Tryptamine Hallucinogens and Consciousness
Transcript from a talk given at Esalen, 1983..
  The Muchroom Speaks
And our opinions rest upon what it tells eloquently of itself in the cool night of the mind...


Abraham, Ralph, McKenna, Terence & Sheldrake, Rupert, Trialogues at the Edge of the West,
(Santa Fe, Bear & Company, 1992)
Eisenman, Stephen F., Nineteenth Century Art: A Critical History, (London, Thames & Hudson, 1994)
Harvey, David, The Condition of Postmodernity, (Oxford, Basil Blackwell, 1989)
Heelas, Paul, Lash, Scott & Morris, Paul, Detraditionalisation, (Massachusetts, Blackwell, 1996)
Heelas, Paul, The New Age Movement, (Massachusetts, Black-well, 1996)
"The New Age in Cultural Context: The Premodern, the Modern and the Postmodern",
Religion 23, 2 (1993) 103 - 116
Jonas, Hans, Philosophical Essays, (New Jersey, Prentice-Hall, Inc, 1974)
The Gnostic Religion, 2nd Ed., (Boston, Beacon Press, 1963)
Krell, David Farrell & Wood, David [eds], Exceedingly Nietzsche, (New York, Routledge, 1988)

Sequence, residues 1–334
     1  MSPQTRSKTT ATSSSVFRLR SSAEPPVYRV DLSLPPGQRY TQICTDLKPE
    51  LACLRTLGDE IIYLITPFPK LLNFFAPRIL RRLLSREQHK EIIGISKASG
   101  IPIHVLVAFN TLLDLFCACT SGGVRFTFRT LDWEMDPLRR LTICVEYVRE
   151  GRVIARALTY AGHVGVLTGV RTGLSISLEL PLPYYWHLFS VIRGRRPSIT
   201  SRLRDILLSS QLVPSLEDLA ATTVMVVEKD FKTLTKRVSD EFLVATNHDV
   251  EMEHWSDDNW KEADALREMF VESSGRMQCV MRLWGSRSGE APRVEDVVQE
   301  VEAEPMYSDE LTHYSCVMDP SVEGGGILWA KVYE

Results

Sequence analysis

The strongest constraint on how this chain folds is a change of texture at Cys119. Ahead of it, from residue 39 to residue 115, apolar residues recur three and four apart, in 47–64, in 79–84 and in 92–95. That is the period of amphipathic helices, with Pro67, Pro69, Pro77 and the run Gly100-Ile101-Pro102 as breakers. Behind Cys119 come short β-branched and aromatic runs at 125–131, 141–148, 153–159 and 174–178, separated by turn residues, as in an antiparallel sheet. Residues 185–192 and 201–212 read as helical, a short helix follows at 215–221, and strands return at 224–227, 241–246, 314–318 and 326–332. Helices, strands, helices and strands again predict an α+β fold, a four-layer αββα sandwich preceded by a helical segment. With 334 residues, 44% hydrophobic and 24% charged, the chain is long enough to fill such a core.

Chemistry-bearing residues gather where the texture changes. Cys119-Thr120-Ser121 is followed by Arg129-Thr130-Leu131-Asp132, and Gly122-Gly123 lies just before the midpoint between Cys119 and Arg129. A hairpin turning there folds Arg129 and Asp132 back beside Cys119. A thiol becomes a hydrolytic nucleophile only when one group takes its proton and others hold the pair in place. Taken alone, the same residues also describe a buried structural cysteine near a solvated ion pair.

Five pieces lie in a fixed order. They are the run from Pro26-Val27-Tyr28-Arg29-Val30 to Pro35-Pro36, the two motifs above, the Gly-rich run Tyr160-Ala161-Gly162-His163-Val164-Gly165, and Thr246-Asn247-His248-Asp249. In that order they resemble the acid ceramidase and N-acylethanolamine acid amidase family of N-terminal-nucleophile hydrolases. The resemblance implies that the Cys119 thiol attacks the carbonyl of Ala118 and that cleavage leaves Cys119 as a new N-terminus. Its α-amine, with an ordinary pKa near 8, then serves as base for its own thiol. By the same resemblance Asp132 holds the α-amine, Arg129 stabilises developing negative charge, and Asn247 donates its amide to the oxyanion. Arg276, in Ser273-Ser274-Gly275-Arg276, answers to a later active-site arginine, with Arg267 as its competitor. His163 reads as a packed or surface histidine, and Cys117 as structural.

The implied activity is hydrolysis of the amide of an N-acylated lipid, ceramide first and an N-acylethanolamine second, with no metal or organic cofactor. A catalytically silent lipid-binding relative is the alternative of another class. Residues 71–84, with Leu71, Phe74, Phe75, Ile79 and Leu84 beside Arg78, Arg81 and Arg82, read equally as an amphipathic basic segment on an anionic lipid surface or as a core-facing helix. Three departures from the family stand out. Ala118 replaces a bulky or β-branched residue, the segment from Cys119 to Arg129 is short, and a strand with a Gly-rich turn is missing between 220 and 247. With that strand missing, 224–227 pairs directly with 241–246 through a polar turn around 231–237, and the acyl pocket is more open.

Lasch, Christopher, The Culture of Narcissism, (New York, W.W.Norton, 1978)
Lyon, David, "A Bit of a Circus: Notes on Postmodernity and the New Age", Religion 23, 2 (1993) 117 - 126
McKenna, Terence, "The Camden Centre Talk 15/6/92", Terence McKenna Land @ http://www.deoxy.org/mckenna.htm
The Archaic Revival, (New York, HarperSanFrancisco, 1991)
Morrison, Grant, Jimenez, Phil & Lark, Michael, "The Girl Most Likely To", The Invisibles, Vol. 2, No. 6, July 1997, (New York, DC Comics)
Smith, David, "The Premodern and the Postmodern: Some Parallels, with Special Reference to Hinduism", Religion 23, 2 (1993) 157 - 165
Taylor, Charles, Sources of the Self, (Massachusetts, Harvard U.P, 1989)
The Ethics of Authenticity, (Massachusetts, Harvard U.P, 1991)

Terence McKenna, The Archaic Revival, (New York, HarperSanFrancisco, 1991), p xiii
Quoted in Hans Jonas, Philosophical Essays, (New Jersey, Prentice-Hall, 1974), p 271